“We see companies, as they reach the point of moving towards larger scale manufacturing and deployment, taking their operations, their manufacturing, their sales, abroad,” says Bass. Larger federal investments could help companies scale up here in the U.S. instead.

The Farm Bill Could Provide a Path Forward

In the fall, Congress will have an opportunity to fund more food system technologies. As Congress begins to bridge the divide between Democratic and Republican proposals for the Farm Bill, funding for alternative protein research could end up appealing to both parties, as manufacturing and other supply chain operations also create new jobs, whether in cities or in rural communities.

On the other hand, opposition to cultivated meat can be a bipartisan stance, as we’ve heard from Democratic Senator John Fetterman from Pennsylvania and Republican Governor Ron DeSantis from Florida, one of two states that recently banned lab-grown meat.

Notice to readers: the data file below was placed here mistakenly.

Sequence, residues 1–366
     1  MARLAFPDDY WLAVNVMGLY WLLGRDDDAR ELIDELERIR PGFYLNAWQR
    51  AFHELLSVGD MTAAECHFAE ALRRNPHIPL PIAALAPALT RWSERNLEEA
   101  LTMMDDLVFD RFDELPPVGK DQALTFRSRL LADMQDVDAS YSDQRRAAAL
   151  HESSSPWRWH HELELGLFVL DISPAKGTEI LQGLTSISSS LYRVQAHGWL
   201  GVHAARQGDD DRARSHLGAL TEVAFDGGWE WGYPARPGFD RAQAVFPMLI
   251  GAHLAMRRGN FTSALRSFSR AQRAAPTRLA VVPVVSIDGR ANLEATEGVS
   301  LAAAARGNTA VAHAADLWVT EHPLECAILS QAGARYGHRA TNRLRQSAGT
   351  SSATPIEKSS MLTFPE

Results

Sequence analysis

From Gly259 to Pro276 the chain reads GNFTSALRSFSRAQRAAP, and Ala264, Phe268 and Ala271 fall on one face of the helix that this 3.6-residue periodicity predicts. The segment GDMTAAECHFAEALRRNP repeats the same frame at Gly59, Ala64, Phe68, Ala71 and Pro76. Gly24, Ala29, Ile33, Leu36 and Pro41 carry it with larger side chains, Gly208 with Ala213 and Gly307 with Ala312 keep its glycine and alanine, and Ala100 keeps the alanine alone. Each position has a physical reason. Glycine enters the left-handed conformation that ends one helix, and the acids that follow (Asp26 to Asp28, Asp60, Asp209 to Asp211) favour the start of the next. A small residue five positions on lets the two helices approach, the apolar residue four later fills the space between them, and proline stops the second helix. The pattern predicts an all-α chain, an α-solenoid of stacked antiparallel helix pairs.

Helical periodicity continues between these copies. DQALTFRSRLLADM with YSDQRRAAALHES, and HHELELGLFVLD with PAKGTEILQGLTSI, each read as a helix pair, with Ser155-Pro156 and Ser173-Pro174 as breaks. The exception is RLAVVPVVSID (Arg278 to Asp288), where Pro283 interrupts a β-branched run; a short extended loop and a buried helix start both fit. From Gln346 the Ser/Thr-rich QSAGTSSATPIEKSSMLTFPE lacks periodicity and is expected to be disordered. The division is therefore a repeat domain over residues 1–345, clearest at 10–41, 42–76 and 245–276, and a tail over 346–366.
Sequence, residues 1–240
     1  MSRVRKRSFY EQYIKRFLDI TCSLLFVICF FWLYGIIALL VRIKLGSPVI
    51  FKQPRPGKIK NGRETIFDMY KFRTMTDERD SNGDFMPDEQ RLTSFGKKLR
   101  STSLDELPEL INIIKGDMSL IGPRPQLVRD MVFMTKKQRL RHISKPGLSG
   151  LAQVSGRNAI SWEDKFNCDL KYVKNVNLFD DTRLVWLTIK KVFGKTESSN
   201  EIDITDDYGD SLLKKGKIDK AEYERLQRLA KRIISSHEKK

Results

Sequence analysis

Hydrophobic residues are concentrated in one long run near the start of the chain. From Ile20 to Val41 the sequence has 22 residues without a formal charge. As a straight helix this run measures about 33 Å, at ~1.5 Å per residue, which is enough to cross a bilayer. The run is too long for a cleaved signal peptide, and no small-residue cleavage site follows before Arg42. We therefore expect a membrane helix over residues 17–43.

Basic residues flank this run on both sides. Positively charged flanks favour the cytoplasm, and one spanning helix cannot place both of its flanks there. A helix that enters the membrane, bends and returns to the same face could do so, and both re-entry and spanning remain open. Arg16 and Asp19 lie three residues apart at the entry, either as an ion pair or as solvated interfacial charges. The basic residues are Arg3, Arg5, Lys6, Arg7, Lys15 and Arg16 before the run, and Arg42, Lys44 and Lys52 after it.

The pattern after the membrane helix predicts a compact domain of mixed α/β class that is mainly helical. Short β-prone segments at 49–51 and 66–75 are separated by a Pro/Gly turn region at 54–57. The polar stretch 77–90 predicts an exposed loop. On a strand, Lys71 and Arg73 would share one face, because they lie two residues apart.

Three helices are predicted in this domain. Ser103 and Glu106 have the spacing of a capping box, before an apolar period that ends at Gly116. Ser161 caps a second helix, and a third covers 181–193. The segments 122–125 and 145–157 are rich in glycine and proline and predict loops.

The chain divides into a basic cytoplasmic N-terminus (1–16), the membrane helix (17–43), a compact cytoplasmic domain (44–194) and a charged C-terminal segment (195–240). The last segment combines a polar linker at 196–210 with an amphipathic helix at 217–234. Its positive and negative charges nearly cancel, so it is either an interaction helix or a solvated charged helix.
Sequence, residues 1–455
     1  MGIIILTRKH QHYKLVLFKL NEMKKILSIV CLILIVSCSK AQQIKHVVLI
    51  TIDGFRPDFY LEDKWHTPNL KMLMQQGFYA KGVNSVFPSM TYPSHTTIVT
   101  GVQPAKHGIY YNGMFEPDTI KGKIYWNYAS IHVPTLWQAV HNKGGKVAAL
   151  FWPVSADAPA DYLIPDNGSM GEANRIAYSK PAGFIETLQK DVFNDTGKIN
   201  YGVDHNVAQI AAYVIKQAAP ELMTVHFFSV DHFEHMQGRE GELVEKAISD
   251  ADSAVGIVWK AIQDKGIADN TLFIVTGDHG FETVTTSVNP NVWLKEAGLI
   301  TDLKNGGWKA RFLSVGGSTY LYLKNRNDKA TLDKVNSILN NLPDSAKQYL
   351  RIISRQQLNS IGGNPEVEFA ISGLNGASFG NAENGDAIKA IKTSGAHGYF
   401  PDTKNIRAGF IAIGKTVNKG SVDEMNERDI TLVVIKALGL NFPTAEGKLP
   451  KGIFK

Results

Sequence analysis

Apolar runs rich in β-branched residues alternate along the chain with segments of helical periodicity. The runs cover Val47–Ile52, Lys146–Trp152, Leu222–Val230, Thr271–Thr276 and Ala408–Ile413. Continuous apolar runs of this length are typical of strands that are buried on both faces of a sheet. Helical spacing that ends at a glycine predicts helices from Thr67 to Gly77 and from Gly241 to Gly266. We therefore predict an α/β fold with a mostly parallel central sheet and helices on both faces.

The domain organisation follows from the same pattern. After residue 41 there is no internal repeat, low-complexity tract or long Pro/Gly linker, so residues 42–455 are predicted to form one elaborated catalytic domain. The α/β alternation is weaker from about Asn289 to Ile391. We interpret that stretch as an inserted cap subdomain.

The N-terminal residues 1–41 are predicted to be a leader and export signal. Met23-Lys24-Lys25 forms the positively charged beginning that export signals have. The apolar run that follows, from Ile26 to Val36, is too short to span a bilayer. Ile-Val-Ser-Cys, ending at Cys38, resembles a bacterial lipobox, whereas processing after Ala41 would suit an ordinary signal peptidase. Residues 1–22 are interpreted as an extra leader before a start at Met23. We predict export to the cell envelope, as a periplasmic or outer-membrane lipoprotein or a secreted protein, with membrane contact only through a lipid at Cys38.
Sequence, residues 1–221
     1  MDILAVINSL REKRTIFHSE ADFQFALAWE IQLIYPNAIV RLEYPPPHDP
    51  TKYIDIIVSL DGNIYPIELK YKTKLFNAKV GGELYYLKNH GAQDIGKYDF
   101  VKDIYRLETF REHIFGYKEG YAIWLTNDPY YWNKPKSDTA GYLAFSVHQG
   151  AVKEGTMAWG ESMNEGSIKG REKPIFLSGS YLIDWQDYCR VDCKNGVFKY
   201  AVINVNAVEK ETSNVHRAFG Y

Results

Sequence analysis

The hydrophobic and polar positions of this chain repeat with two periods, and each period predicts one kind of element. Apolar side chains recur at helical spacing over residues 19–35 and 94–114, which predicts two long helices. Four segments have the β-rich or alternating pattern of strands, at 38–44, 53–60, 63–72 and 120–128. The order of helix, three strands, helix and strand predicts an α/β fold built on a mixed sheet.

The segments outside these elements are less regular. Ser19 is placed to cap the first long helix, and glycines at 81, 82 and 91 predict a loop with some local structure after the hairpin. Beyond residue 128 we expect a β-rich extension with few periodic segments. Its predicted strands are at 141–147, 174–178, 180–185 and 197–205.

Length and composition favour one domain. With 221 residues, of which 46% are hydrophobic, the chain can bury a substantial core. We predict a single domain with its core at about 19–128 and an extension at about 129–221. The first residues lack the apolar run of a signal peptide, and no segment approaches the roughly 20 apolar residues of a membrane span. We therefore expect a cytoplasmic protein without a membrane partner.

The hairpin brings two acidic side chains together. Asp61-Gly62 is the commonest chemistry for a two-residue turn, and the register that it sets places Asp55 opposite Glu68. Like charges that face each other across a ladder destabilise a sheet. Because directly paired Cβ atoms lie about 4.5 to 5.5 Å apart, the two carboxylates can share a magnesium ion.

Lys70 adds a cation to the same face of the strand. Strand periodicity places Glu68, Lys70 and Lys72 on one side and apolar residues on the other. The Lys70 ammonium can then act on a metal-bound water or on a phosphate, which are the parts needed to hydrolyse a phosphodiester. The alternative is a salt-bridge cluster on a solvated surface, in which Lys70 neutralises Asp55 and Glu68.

There are policy roadblocks too. The techno-forward Breakthrough Institute would like to see the USDA evolve into a more robust and holistic ecosystem for food system innovation. Bass describes this as a more forward-thinking USDA, one that considers “what these emerging industries are, where they’re located, who they’re serving and how they’re supporting economies.” In other words, a public agency that advances credible technologies for food rather than just doles out cash.

These technological solutions are not without limitations. Their success depends on large-scale interventions and funding that may not always be feasible, and there are other policy strategies to explore. New York City’s Cool Food Pledge aims to reduce food-related emissions by about a third in this decade, mostly through food procurement policies that nudge cities towards buying more bean burgers than beef. Addressing emissions from the food we eat will probably require a bit of both, tackling meat’s climate problem with a mix of ambitious new technologies and more dogged efforts to shift our food choices.